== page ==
London Trivia: Elevating Nelson

On 30 September 1840 the first stone of Nelson’s Column was laid by Charles Davison Scott, son of Nelson’s secretary, John Scott, at a ceremony conducted, according to the Nautical Magazine, “in a private manner, owing to the noblemen and gentlemen comprising the committee being absent from town”. Prior to the installation of the statue in November 1843 a banquet took place on the plinth.

On 30 September 1967 BBC’s Radio 1 was launched at 7 am with Tony Blackburn’s Breakfast Show, the first record played was Flowers in the rain by The Move

Karl Marx once narrowly avoided arrest for drunkenly smashing street lights in Tottenham Court Road after an all-day bender

The Sherlock Holmes Museum is based as close as it can be to the address of 221b Baker Street, the house is government protected, due to its ‘special architectural and historical interest’

During World War II suite 212 at Claridges was declared Yugoslav territory by Sir Winston Churchill so that Crown Prince Alexander of Yugoslavia could be born on home territory

When Suetonius, the Roman General, defeated the uprising of the Iceni tribe led by Boudicca, he slaughtered 80,000 Britons on the site of what is now Kings Cross

Many people think the London Palladium is London’s biggest capacity theatre, but in fact the Coliseum Theatre just pips it, having 2,358 seats to the Palladium’s 2,286

The Serpentine is London’s oldest boating lake (1730) but it is artificial, created to look as if it has evolved naturally, part of the old River Westbourne was dammed to help create it

Wembley Stadium has 2,618 toilets, more than any other venue in the world, and the total length of the escalators is the same as a 400 metre running track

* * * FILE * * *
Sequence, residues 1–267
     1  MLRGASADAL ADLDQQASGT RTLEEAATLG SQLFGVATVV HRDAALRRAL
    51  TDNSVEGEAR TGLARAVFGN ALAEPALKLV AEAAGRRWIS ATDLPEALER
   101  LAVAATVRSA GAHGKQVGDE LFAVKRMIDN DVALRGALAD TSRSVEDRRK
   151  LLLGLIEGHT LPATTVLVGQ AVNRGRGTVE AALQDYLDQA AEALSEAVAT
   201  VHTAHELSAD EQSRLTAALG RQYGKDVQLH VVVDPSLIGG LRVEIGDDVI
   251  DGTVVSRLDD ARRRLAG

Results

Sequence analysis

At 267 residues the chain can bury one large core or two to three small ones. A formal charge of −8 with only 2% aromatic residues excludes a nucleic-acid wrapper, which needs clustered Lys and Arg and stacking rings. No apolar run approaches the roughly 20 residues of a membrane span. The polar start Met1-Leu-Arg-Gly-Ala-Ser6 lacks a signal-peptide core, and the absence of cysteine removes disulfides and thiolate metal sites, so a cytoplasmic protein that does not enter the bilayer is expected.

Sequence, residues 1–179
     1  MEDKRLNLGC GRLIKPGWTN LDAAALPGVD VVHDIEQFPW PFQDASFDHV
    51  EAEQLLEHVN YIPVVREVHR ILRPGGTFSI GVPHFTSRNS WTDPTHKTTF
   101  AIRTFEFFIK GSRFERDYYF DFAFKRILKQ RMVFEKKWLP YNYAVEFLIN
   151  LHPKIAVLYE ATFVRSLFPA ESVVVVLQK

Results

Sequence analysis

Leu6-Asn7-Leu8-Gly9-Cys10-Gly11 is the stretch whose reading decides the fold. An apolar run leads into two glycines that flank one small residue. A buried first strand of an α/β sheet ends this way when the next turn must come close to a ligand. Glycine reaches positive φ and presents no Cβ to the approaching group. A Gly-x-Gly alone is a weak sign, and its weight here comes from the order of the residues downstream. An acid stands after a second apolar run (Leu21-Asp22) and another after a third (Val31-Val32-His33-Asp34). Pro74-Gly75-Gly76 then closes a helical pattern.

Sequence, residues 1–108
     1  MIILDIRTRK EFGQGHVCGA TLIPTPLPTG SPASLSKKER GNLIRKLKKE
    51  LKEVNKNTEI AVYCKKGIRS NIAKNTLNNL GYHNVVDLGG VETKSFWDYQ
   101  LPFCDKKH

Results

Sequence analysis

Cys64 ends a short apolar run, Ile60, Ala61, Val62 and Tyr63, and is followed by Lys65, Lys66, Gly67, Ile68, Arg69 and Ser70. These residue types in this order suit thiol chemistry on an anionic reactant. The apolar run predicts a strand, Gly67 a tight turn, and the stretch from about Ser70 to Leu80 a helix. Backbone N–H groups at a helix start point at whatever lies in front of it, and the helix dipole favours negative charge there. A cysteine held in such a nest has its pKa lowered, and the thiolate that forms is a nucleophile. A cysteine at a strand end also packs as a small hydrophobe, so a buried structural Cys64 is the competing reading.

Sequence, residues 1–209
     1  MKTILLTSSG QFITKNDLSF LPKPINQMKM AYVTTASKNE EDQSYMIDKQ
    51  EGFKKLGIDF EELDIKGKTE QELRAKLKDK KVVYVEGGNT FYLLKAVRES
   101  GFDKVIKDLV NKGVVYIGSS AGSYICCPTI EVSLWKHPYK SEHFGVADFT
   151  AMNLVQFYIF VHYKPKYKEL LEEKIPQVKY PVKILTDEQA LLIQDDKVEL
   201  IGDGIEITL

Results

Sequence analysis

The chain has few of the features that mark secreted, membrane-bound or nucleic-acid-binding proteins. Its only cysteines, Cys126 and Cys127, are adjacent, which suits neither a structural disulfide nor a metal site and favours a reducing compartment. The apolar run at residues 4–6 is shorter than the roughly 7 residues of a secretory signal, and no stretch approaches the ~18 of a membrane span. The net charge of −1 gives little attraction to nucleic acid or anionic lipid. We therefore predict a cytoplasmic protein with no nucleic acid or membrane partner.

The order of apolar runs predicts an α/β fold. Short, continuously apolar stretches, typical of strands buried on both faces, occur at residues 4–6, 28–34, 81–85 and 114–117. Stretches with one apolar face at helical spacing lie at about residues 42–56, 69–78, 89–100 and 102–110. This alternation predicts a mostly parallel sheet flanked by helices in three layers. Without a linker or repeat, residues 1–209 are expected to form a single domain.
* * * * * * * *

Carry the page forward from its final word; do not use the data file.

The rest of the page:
Adverts in tube carriages are known as ‘tube cards’, they are very good value; in 2009 they cost £10 per week, and travellers spend an average of 13 minutes per journey viewing them

By the end of the 18th century, London was the centre of the watch-making trade, with more than 7,000 men in Clerkenwell assembling 120,000 watches a year

There are 46 places on six continents named after London, the United States alone has five in: Kentucky, Ohio, Arkansas, Texas and West Virginia

CabbieBlog-cab.gifTrivial Matter: London in 140 characters is taken from the daily Twitter feed @cabbieblog.
A guide to the symbols used here and source material can be found on the Trivial Matter page.

Down Your Alley: Alderman’s Walk

Alderman’s Walk is one of those names that tend to spark off thoughts of summery strolls along well-kept tree-lined avenues. Indeed, if we were contemplating our walk in a suburban village or almost any place other than the City of London that is what we may very well expect to find.

However, the City of London is where we are and Alderman’s Walk is not remotely like that.

[O]N THE DOORSTEP is Liverpool Street Station, the modernised gateway to eastern England; only yards away and visible from all angles of the City, the Natwest Tower reaches skyward; a mere stone’s throw away is the Bank, the ‘old lady’ who has her thumb on the hub of financial London.

This has been a busy section of the City for centuries; carts and trucks have been rumbling around here ever since the Romans built the Bishops Gate and opened up a main thoroughfare into the City. Despite all this turmoil Frances Dashwood, an 18th-century Member of the Common Council of the City, liked it so much that he built his house here, on the south side of the Walk near to Old Broad Street. When Dashwood received a Knighthood the place became known as Dashwood’s Court until he was elected to the Court of Aldermen of the City of London and from that time the name changed to Alderman’s Walk.